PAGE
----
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Saturday, January 16, 2021

Thane shows the way, slum marks a room for menstrual hygiene

With awareness low, not many have started using the Lokmanya Nagar period room yet. Muse Foundation, an NGO that assisted the Thane Municipal Corporation in creating it, said it will inform women in the slum about it during their regular menstrual hygiene sessions.

Written by MAYURA JANWALKAR | Mumbai | Updated: January 8, 2021 8:12:18 am
Thane Slums, menstrual hygiene, menstrual hygiene in Thane slums, Thane Municipal Corporation, mumbai news, indian express newsThe toilet complex in Thane with the ‘period room’. (Photo: Deepak Joshi)

In the grimy, narrow alleys of Thane’s Lokmanya Nagar, a one-storey toilet block stands out for its freshly painted outer wall in shades of green and yellow, and a message: “Menstrual cycle is a natural process. Tyabaddal lajjaspad ase kahihi nahi (There is nothing shameful about it).”

One of the 10 toilets in the women’s section is now a ‘period room’, the first of its kind in a public toilet in a slum, which was opened to users on Monday. The ‘period room’ has a urinal, a jet-spray, a toilet-roll holder, soap, running water and what public toilets needed most — a dustbin. Thane Municipal Corporation is planning to have such a room now across its public toilets.

“This is a low-cost innovation that took only Rs 45,000. We will replicate this in all our toilets, which would mean a minimum of 120 community toilets,” says Deputy Municipal Commissioner Manish Joshi.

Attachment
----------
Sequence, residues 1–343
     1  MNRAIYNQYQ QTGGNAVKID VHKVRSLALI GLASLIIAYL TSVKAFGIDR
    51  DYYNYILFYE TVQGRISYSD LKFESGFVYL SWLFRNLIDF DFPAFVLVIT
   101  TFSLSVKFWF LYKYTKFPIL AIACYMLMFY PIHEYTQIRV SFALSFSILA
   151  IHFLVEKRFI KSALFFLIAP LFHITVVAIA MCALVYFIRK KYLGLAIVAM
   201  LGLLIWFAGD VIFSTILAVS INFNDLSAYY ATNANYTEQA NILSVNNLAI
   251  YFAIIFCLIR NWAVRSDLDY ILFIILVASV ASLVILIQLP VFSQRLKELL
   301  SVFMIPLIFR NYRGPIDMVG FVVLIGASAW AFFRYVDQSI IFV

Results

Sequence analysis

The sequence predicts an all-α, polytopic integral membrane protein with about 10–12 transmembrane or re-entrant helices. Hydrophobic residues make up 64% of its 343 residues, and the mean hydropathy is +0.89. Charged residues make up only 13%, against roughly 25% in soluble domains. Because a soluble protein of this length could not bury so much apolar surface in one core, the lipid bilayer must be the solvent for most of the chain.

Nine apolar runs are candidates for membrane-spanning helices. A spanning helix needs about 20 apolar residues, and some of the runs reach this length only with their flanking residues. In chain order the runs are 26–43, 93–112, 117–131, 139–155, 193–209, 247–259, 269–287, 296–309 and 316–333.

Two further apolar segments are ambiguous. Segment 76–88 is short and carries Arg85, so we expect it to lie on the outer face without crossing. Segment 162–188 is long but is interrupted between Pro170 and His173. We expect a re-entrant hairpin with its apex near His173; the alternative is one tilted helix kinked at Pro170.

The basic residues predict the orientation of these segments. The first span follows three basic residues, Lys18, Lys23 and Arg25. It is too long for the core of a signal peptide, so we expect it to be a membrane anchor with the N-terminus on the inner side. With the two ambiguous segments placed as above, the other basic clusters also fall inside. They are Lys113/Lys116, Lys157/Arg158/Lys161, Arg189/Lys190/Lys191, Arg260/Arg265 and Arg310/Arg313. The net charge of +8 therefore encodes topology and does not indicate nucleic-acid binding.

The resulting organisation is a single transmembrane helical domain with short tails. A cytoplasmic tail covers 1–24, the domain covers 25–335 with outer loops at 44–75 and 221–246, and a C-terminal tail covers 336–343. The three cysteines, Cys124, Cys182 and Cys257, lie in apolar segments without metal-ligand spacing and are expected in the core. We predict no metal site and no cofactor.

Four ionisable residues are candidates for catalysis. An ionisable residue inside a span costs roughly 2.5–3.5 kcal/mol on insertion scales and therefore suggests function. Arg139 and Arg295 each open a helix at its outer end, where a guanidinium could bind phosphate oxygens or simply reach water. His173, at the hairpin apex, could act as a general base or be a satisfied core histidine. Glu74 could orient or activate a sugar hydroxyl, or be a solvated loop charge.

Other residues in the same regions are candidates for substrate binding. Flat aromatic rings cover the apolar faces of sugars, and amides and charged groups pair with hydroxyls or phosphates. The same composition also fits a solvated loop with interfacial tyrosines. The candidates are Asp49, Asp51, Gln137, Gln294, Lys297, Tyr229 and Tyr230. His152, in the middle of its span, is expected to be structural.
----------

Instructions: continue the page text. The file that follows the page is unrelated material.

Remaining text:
With awareness low, not many have started using the Lokmanya Nagar period room yet. Muse Foundation, an NGO that assisted the Thane Municipal Corporation in creating it, said it will inform women in the slum about it during their regular menstrual hygiene sessions. Says founder Nishant Bangera, “We realised that there are no urinals designed for women anywhere. The urinal we have installed in the period room is fashioned out of a wash basin.”

In 2019, Muse Foundation had carried out a survey in the 15 slums of Thane and found that of the 1,004 women it talked to, 67 per cent did not have a toilet at home. The survey also showed that in the absence of dustbins in public toilets, many women who used them had no option but to dispose of sanitary products anyway they could.

Mamta Vishwakarma, 30, says most women have a mohri (small washing area) in their homes and use that to change their sanitary products. But when it comes to disposing them, they must do it in a way that no family member notices. “I have not used the period room yet but I am sure it will be very useful, especially for those who don’t have a toilet at home,” she says.

Dipali Nikam, a domestic help who has been living in Lokmanya Nagar for 25 years, says the period room shows how much things have changed. Planning to talk to her friends who have daughters about it, she says, “When we were young, we didn’t have the sanitary pads that we have now. Most of us used cloth.”

Nehali Jain, a volunteer with Muse Foundation, says they will be meeting women around the Lokmanya Nagar toilet complex to tell them about the period room.

The attendant of the toilet block, Jyoti Shinde, 30, is also doing her bit. Extra careful these days against thefts due to “the things installed in the period room”, she says, “A few girls have come and seen it. I try and tell them about its benefits if they ask. I told a few other women too.”

Joshi says all it will take is for women to start using the period room. “This is a behavioural change and behavioural changes don’t happen very fast. When women who have been changing their sanitary pads at home see this is a better, cleaner place, with water, they will start using it.”

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